Saturday, November 13, 2010

Why Pastured Eggs Are Better


I've never been a huge egg fan.

They were ok, but I didn't wake up in the morning craving some fried eggs. Occasionally, I would enjoy some eggs over-easy but ONLY if there was toast for me to dip into the yolk. Scrambled eggs were ok too, but again...not the biggest fan in the world.

In fact, I was never a big breakfast eater. I could never bring myself to eat as soon as I woke up and refused (REFUSED!) to wake up early enough to allow myself the amount of time to eat breakfast. Sleep > Food.

On the off chance that I did eat breakfast, it was usually cinnamon rolls on Sundays before Sunday School, or some non-breakfast item. I distinctly remember eating Spaghetti-O's for breakfast one morning when I was 6 or 7 and then throwing them up on the bus on the way to school. Nice.

I know breakfast is good for you. I know it prevents you from binging the rest of the day (I was always STARVING by lunch) and boosts your metabolism, so I recently made a distinct effort to start eating breakfast. I decided on a protein-rich breakfast because I just generally enjoy savory foods more than sweet ones, and the only easy sweet breakfast that's fast and easy are smoothies. I don't think the rest of my household would appreciate our exceptionally noisy blender before everyone else is awake.

So I logically came to start buying eggs. Again, I thought they were just "ok"...I didn't wake up craving my breakfast, but in general didn't mind eating it either. I then started to do some research on food and decided to start buying free-range eggs. They tasted about the same, but I was confident I was getting more nutrients and felt good that those chickens were being treated better.

Then I started to do MORE research. As it turns out, "free-range" chickens don't generally roam around outside in pastures, they simply have to have access to it. I thought to myself, "wouldn't they logically WANT to go in the pasture sometimes?" But it was obvious (after research) that they really didn't venture outside much. First of all, most of these free-range cartons also boasted that the chickens were fed an all vegetarian diet. Sure their corn and soy might not be genetically modified, but soy isn't the best thing for you regardless, and chickens are DESIGNED to eat worms and bugs. Just like I don't think vegetarianism is the wisest choice for humans (since we were created to be omnivores), I feel the same about chickens.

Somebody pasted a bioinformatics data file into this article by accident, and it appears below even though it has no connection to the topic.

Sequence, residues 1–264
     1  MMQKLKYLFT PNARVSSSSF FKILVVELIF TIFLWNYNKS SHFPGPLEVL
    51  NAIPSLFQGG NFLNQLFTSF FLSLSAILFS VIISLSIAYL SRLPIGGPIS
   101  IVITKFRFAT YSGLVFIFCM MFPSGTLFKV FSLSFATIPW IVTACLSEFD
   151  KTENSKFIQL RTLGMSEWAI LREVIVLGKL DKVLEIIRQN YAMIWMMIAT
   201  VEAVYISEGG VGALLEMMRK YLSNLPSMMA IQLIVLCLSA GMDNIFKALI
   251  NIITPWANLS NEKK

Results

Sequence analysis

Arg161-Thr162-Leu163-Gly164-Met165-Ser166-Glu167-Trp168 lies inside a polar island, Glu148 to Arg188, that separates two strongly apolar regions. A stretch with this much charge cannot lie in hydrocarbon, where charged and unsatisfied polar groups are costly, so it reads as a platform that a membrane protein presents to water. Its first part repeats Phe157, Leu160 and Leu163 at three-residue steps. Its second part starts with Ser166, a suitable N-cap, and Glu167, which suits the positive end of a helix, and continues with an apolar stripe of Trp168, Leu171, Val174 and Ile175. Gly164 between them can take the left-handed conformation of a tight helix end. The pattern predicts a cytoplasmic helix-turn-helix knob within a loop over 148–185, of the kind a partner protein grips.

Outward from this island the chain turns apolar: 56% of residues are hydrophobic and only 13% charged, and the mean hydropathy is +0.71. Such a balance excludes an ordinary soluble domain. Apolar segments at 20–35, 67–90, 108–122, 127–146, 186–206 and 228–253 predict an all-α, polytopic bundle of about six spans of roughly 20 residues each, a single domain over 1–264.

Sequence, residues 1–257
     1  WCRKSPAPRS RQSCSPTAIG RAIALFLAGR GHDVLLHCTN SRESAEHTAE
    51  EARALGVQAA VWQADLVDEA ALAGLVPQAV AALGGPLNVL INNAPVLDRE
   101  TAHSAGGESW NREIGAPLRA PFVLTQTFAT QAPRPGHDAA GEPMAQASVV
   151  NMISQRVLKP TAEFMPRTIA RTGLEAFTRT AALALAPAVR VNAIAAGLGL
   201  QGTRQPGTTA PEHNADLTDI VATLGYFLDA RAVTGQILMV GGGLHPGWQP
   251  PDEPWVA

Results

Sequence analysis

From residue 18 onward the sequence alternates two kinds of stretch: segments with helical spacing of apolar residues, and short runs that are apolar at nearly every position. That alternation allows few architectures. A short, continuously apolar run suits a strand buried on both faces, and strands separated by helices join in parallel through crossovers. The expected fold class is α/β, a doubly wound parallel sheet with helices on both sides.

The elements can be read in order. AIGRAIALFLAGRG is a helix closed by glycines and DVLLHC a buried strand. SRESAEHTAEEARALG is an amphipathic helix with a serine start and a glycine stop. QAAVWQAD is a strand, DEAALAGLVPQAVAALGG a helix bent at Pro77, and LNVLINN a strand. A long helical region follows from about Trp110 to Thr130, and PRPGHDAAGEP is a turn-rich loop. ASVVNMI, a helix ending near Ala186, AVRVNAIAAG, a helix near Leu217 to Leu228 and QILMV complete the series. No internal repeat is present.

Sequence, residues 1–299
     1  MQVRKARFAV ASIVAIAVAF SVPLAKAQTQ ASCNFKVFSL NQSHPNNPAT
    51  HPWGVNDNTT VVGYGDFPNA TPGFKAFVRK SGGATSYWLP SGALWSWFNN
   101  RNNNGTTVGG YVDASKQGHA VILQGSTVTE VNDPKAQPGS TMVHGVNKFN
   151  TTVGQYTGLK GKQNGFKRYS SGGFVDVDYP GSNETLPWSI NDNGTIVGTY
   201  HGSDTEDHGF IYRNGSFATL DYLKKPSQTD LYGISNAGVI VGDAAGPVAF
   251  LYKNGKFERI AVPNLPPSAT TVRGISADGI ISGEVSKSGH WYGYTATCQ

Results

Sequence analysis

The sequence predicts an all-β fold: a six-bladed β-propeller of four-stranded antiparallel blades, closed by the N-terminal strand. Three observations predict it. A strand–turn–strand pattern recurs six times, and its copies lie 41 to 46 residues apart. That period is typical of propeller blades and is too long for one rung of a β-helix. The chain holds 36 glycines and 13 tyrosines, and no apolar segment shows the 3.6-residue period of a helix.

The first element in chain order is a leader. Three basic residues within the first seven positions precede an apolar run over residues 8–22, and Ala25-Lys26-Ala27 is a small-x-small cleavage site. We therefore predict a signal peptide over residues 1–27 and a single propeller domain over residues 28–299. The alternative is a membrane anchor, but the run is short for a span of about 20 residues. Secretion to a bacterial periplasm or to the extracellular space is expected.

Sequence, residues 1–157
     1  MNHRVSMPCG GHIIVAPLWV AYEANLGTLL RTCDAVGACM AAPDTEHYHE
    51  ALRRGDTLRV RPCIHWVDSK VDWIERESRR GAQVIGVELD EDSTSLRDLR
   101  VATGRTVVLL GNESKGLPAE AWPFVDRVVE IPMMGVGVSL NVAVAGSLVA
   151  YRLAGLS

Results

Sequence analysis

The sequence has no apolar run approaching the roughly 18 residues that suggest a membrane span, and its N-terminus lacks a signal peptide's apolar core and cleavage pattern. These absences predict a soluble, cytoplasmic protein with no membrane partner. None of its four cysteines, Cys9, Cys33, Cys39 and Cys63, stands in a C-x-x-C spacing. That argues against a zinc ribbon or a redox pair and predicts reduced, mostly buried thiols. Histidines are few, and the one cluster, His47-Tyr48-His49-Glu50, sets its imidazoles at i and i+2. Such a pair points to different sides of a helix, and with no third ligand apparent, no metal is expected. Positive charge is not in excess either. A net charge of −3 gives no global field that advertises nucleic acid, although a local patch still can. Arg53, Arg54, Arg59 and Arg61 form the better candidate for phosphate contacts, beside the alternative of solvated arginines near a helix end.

So I bought some local, pastured eggs. I saw the eggs at my local Whole Foods and decided to give them a try. I e-mailed the farm owners (who are about 30 miles from where I live) and asked them how they raised their chickens. They're put on rotating pastures and allowed to eat pretty much whatever they want to from the field, including bugs and worms.

The first time I cracked open one of these eggs, I noticed an IMMEDIATE difference. Instead of the muted-yellow yolks I saw in both "conventional" eggs and the free-range ones, these yolks were bright orange. A more vibrant color is an immediate indication of more nutrients. The eggs also seemed larger (despite the chickens not being given hormones). As soon as I took the first bite, the taste was also incredibly different. I would describe them as "creamier" or "denser." They were divine. For the first time in my life, I can't wait to eat breakfast tomorrow morning so I can have some more.

Not only do pastured eggs simply taste better, but research indicates they're better for you. They can have up to 40% more omega-3 fatty acids, 10% less fat in general, and up to 35% less cholesterol than conventional eggs OR organic, free-range eggs that aren't pastured. They're also higher in Vitamin A, D, and E due to the chicken's being in the sunshine. For every pastured egg you eat, you'd have to consumer 3-5 conventional eggs for the same number of vitamins.

So, if you can, I highly recommend finding a local farmer (or a store that sells eggs from local farms) that you can buy PASTURED eggs from. The taste will pull you in, but the nutrition will give you peace of mind. They're also cheaper than those organic, free-range ones from hundreds of miles away. JACKPOT!

1 comment:

  1. Great post! I'm lucky that my parents have raised chickens for their eggs for the last 20-some odd years. I DEFINATELY notice a HUGE difference when I eat their eggs vs. when I have to buy some from the store. If I'm doing something where I need a LOT of eggs, I admit, I buy the regular store brand but if just for regular meals, I either stick with my parent's eggs or buy from a local farmer who sells them out of his truck on Saturday mornings... Thank you for sharing!